Wednesday, November 12, 2014

Coffee Filter Trees


If you have been following my blog a little, I think you can tell that I like to recycle, up cycle and use materials in new ways.

One of my favorite materials to use is coffee filters.

They are inexpensive and very versatile. 

I have used them for many projects.

With Christmas around the corner, I wanted to share an easy project today.

Coffee Filter Trees!



These are a great project for a creative day with family or friends.


You will need:

Coffee Filters
RIT Dye
hot glue gun and glue sticks
a piece of wire
a cardboard cone 
and 2 stars (I used white tin)


First Dye your coffee filters.

You can follow directions here.

or find directions in my RIT Studio.


You can choose a traditional color like green.

You can leave them white.

Or you can come up with any color you like.

Here I have a green tree and a coffee dyed tree (as well as a little burlap tree).


I have actually made a dusty rose one as well.

I sold it at my fall show.


To make the tree, fold each coffee filter into fourths and twist the end.

I gave similar directions for my recycled sheet banner here.

I fold and twist my filters while watching tv.


Then I just start at the bottom of the cardboard cone and begin gluing the tips on.

I continue to add and fill in the cone until I get a few inches from the top.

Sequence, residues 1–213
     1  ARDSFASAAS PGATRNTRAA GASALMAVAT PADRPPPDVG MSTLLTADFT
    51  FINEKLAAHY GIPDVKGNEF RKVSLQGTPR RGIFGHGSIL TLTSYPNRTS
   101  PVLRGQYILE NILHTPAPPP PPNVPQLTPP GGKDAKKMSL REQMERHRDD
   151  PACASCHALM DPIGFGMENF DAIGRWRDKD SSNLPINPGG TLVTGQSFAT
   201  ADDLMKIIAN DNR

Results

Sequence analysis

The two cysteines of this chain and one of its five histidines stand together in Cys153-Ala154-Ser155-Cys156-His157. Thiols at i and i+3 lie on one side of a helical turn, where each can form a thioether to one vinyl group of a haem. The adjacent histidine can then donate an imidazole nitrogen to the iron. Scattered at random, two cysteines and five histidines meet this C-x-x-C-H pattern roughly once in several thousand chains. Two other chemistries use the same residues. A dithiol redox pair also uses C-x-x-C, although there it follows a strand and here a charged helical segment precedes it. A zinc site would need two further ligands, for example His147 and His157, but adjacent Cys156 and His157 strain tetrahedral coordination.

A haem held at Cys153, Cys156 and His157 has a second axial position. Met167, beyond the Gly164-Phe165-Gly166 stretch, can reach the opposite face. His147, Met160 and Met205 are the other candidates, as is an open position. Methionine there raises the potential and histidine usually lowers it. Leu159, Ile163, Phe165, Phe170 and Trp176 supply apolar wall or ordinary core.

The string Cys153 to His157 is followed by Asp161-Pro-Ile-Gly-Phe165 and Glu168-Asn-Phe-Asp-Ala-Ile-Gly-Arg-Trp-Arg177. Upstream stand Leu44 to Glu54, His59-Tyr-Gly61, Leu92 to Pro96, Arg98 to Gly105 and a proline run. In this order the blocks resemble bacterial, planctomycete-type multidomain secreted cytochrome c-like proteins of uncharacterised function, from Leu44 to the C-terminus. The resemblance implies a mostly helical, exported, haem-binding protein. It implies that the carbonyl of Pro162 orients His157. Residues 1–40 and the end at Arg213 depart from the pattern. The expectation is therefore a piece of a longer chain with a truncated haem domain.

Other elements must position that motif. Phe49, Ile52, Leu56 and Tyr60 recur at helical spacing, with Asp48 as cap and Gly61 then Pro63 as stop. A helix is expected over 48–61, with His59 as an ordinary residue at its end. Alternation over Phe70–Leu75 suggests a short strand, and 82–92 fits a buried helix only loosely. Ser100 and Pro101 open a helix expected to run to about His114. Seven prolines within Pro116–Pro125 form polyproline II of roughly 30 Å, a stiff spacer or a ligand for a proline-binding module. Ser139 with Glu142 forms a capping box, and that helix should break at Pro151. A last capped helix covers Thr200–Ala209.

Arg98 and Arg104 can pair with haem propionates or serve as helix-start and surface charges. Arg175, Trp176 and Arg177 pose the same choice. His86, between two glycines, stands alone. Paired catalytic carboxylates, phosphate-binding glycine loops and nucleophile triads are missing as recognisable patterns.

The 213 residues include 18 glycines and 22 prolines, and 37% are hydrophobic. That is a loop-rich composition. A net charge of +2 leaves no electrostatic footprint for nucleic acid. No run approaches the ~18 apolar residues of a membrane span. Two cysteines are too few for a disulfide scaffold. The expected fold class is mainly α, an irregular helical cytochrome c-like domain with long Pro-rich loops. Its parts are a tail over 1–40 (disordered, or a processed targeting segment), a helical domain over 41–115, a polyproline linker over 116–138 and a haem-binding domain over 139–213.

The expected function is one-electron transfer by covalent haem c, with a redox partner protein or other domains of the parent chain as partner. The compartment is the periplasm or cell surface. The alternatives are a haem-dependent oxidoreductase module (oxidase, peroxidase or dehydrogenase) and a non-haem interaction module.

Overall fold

When you get close to the top, stop to add the star.

Cut a piece of wire about 12 inches long.

Poke a hole in the top of the cone to be sure the wire will go through.

Now make a loop in the end of the wire.

 Feed the end of the wire up the inside of the cone by holding the loop on the inside.

Once the wire comes through the hole in the top, grasp it and pull it until it is the whole way out and the wire loop is just inside the top of the cone.

Trim the wire to be just a little shorter than your star.

Hot glue the stars on either side of the wire.


Then finish adding coffee filters until the tree is full.

Super Easy.

This is a great project to do with family or friends.

It is cheap for materials and everyone can do it.



Don't you love it when right as you take the photo, a bug lands on your project?!

Thanks for stopping by....

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